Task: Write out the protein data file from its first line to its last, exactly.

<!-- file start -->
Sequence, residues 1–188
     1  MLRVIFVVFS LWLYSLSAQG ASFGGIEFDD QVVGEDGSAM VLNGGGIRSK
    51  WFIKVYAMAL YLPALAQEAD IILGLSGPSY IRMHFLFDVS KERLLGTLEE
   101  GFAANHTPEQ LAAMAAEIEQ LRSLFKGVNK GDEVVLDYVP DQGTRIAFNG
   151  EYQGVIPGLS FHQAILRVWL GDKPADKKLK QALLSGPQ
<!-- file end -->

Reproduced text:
Sequence, residues 1–188
     1  MLRVIFVVFS LWLYSLSAQG ASFGGIEFDD QVVGEDGSAM VLNGGGIRSK
    51  WFIKVYAMAL YLPALAQEAD IILGLSGPSY IRMHFLFDVS KERLLGTLEE
   101  GFAANHTPEQ LAAMAAEIEQ LRSLFKGVNK GDEVVLDYVP DQGTRIAFNG
   151  EYQGVIPGLS FHQAILRVWL GDKPADKKLK QALLSGPQ